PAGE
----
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San Francisco may soon require drivers to make reservation, pay to drive down famous street


California wants to charge drivers to make their way down what is famously known as “Crooked Street” in San Francisco – all in an attempt to alleviate traffic congestion.

A bill allowing the city to impose a pricing and reservation system was approved by state lawmakers on Thursday. It would apply to Lombard Street in San Francisco, a long-time tourist attraction.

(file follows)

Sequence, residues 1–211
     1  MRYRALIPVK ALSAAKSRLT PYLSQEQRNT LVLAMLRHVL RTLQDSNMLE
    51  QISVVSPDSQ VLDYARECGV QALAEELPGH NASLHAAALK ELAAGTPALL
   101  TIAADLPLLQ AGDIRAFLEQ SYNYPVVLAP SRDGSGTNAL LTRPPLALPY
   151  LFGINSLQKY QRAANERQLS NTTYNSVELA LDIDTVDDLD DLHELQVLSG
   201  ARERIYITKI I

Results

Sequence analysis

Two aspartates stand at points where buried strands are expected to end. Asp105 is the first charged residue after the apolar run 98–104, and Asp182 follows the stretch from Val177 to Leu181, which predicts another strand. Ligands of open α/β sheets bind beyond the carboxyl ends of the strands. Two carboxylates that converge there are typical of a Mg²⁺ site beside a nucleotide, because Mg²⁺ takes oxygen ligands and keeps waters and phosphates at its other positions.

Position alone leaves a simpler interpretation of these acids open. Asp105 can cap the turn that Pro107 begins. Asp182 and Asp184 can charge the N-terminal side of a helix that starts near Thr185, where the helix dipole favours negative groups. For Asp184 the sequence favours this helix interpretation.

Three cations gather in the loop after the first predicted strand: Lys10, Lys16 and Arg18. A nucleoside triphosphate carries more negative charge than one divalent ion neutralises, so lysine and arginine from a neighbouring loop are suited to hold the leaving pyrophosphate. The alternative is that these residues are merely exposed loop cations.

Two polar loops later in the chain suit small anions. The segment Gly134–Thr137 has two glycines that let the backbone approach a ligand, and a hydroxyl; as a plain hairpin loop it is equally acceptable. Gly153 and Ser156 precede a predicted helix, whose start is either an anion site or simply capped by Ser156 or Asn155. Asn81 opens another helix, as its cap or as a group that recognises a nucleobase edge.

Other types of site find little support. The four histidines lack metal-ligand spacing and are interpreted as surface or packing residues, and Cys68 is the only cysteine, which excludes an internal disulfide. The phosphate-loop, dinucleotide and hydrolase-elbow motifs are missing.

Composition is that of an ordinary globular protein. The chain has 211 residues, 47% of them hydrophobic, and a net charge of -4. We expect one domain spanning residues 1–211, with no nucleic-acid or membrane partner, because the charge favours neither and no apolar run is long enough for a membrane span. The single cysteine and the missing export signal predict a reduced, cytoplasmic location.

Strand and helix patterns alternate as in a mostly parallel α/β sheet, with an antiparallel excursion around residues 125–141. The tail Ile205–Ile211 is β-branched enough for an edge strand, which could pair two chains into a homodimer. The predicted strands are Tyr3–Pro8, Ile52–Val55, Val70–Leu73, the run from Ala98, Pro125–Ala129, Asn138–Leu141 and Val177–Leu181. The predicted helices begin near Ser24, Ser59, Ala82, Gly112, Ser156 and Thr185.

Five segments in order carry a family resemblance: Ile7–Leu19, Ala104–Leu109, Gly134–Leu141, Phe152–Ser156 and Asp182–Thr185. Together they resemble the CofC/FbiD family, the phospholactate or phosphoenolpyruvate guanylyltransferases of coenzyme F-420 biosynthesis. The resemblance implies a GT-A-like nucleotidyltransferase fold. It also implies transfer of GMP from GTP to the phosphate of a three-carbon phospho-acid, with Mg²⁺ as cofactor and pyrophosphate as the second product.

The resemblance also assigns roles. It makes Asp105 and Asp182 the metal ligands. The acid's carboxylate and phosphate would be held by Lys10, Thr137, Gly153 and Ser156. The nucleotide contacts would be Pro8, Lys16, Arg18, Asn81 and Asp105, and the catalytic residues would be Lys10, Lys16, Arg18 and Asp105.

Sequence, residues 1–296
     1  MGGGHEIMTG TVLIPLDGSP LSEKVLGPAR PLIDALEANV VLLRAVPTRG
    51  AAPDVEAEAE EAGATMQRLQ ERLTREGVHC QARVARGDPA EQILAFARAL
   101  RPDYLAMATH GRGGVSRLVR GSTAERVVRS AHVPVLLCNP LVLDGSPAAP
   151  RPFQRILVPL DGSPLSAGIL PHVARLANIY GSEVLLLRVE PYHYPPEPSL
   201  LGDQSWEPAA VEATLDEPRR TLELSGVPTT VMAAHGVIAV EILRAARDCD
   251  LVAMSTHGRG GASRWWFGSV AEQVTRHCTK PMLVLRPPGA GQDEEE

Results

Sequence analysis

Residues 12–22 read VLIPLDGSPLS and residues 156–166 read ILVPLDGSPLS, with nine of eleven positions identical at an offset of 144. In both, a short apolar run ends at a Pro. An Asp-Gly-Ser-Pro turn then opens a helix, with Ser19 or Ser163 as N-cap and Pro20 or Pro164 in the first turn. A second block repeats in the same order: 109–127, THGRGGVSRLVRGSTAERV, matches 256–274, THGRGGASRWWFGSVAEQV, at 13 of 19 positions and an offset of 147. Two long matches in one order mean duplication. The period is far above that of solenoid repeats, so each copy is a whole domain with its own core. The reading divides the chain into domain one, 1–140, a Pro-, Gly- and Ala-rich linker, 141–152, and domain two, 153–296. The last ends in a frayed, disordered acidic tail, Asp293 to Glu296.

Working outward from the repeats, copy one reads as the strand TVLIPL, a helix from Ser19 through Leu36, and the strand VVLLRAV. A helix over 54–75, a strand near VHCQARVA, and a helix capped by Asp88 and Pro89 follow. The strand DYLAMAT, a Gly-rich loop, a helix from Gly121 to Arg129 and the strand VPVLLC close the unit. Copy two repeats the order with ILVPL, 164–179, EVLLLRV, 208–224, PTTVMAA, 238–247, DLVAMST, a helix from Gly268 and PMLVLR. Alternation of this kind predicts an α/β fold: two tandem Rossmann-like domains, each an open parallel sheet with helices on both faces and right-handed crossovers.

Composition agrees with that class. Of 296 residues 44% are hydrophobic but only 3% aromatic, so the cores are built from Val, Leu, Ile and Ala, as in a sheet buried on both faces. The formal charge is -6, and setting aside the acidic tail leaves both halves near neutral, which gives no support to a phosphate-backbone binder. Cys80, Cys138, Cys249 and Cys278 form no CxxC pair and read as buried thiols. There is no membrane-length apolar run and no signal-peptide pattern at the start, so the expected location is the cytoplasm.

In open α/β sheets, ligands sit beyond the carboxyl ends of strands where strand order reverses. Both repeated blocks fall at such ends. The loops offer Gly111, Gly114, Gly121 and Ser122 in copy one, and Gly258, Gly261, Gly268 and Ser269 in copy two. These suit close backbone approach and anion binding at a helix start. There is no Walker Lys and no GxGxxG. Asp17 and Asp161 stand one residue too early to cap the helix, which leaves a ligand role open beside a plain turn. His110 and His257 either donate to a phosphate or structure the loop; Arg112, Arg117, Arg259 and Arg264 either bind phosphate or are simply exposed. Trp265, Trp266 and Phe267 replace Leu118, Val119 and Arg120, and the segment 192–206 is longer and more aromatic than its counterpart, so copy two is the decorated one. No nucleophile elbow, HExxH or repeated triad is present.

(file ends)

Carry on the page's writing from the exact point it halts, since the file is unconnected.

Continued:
Proposed charges could be between $5 and $10 –locals and pedestrians would not be subject to the toll. Final amounts would be determined by city leaders.

More than 2 million people visit the street per year and daily lines can queue up to 10 hours – which has led to traffic around the area that has allegedly deteriorated safety conditions and the quality of life for residents.

The bill needs to be signed off on by Gov. Gavin Newsom. He has until mid-October to approve it.

Existing law prohibits a local agency from imposing a tax, permit fee or other charge for use of its streets.


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